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Mercy Corps Research Report on Stability in Sub-Saharan Africa

  •  February 16, 2017
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Mercy Corps research report “Financing the Frontier: Inclusive Financial Sector Development in Fragility-Affected Africa” commissioned by Financial Sector Deepening Africa and supported by the UK Department for International Development (DFID). The research examines the impact of inclusive financial sector development on poverty, fragility, and stability across Sub-Saharan Africa.

Poverty rates in Africa’s states and regions considered ‘fragility-affected’ are, on average, 20% higher than countries with comparable levels of economic development (DFID, 2016). The gap is widest for countries affected by repeated cycles of violence. Finance can play a crucial role in poverty and conflict cycles, as lack of equitable access to financial services can lead to underdevelopment and stagnation, exacerbating social and economic unrest. The research finds that donor and development actor investments in financial inclusion is one of the best strategies for future investment in fragile-affected countries and regions.

This research has global implications for regions facing similar challenges.

Key Findings and Recommendations:

Populations facing fragility often have limited trust in financial institutions and low risk tolerance: FASA have lower rates of formal salaried employment (on average 12%) equating to high informality and income insecurity, which effects household consumption and production decisions. This results in a need for a wide-range of financial services to build assets, manage risks, and smooth consumption. In fragile situations, individuals often become more risk averse and invest less. Commercial actors can find it difficult to find entry points for investments.

Fund promising trends for finance in FASA: The document advocates for investments in ID solutions and ‘fit for purpose’ regulations and seven promising trends:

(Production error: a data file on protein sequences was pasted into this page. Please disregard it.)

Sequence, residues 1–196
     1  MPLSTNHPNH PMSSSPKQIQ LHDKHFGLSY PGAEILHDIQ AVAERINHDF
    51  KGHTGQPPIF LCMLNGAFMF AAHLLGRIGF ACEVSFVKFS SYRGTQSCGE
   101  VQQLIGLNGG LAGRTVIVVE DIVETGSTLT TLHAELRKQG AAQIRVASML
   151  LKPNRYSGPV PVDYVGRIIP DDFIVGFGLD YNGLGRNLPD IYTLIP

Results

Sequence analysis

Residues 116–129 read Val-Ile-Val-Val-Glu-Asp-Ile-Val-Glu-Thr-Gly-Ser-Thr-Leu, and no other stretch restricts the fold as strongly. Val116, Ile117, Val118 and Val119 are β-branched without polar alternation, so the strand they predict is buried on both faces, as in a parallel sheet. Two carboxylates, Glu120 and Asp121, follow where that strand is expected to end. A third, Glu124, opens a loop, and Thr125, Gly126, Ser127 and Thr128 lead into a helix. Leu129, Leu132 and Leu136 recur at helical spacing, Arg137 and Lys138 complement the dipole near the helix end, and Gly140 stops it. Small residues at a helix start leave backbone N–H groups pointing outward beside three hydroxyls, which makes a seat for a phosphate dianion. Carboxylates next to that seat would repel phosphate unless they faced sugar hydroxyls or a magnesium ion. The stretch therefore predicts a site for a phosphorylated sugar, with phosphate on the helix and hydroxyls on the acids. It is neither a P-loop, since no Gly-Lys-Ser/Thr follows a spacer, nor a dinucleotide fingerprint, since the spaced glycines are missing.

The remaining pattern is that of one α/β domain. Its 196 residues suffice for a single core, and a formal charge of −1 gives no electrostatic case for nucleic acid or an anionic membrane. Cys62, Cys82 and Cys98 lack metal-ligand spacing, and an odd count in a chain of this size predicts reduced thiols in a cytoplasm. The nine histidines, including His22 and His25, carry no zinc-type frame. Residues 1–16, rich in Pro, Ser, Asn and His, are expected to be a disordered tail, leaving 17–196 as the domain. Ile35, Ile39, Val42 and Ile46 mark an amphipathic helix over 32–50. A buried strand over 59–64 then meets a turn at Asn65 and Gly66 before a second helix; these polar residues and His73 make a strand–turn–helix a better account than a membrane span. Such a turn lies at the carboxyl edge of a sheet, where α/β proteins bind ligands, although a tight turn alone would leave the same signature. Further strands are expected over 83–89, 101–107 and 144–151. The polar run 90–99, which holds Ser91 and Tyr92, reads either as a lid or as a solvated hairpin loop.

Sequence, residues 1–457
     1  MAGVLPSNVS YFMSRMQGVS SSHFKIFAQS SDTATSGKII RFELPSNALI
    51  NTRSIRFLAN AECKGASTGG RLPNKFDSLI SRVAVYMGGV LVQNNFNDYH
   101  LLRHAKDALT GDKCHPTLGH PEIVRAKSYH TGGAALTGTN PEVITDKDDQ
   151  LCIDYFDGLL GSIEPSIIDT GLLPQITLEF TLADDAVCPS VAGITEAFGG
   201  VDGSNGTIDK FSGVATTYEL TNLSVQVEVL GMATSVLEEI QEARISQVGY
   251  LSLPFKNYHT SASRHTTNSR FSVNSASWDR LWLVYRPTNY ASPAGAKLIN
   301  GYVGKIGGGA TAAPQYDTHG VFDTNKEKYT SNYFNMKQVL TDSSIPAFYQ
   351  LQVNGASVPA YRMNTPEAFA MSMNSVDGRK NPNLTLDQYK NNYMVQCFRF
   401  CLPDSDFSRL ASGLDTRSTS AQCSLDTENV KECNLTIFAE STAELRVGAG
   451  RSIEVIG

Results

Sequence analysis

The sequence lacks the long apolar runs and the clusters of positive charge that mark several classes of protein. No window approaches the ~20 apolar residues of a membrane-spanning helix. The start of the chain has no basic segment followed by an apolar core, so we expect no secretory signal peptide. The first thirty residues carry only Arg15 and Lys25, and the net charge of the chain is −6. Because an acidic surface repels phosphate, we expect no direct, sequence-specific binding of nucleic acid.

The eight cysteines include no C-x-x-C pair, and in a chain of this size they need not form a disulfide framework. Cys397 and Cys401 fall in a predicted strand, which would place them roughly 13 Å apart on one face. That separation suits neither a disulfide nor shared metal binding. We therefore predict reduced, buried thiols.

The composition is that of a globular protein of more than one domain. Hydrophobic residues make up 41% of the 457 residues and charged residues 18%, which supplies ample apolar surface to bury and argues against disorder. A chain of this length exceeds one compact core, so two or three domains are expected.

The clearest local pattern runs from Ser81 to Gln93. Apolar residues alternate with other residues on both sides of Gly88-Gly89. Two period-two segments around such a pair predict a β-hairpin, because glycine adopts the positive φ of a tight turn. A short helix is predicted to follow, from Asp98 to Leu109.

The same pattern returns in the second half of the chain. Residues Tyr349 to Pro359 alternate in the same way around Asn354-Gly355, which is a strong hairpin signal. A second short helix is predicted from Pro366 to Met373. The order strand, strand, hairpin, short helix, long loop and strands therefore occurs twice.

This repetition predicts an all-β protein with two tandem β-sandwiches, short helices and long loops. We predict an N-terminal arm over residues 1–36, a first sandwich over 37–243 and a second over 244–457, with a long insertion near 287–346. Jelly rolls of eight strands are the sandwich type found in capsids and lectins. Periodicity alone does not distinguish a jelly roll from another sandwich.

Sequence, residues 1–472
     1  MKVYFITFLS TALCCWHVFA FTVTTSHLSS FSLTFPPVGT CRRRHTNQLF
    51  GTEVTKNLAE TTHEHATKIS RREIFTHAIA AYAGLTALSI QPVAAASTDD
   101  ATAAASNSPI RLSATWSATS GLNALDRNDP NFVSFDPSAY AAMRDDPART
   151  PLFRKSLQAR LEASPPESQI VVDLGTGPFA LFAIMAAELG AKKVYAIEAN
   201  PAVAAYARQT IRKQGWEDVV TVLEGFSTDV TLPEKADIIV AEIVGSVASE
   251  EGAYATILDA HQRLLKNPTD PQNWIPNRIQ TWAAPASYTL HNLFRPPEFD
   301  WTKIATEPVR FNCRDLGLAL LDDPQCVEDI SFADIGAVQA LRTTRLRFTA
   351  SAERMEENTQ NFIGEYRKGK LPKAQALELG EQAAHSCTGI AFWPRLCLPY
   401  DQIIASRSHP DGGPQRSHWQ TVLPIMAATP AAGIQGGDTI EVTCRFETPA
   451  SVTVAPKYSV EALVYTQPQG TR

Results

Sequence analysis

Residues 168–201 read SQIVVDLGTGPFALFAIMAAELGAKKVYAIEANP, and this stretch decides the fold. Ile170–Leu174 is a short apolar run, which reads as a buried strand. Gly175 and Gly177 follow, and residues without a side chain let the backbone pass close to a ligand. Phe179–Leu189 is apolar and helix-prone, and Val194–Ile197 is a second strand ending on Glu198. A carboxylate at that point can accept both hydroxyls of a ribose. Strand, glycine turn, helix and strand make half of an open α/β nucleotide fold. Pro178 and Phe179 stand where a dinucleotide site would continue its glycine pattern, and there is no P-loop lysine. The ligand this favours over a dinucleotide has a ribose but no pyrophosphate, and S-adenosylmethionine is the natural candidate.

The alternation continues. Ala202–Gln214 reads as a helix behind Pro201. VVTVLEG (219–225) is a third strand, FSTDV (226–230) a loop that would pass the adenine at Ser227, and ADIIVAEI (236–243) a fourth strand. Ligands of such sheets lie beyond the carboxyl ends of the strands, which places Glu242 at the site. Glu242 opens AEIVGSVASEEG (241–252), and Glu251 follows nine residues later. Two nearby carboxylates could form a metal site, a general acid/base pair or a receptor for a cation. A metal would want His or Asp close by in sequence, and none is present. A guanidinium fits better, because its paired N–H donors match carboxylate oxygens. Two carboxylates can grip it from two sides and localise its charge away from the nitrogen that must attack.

Market segments: (1) Islamic finance and (2) solutions for refugees and displaced populations
        Financial delivery channels: (3) impact investing and (4) payments and remittances infrastructure
        Financial products and instruments: (5) inclusive insurance, (6) liquidity funds and credit guarantees, and (7) diaspora investment platforms.

Market System Solutions are Still Relevant: While each FASA situation is unique and complex, using a market systems approach is an opportunity for donors and development actors to adjust tactics but adhere to several key principles: think long-term, do not ignore the informal sector, ensure a positive business case, carefully sequence interventions, and utilize a diverse  package of smart aid instruments.

We hope you find the recommendations useful; please feel free to share the report with your AIDF network.

To read full report visit fsdafrica.com

John Burns, Program Director, Kenya and Ronald Rwakigumba, Uganda Country Coordinator, Agri-Fin Mobile, Mercy Corps will be speaking at the 2nd annual Aid & Development Africa Summit. For more information visit africa.aidforum.org

Image credit: http://www.eoi.es

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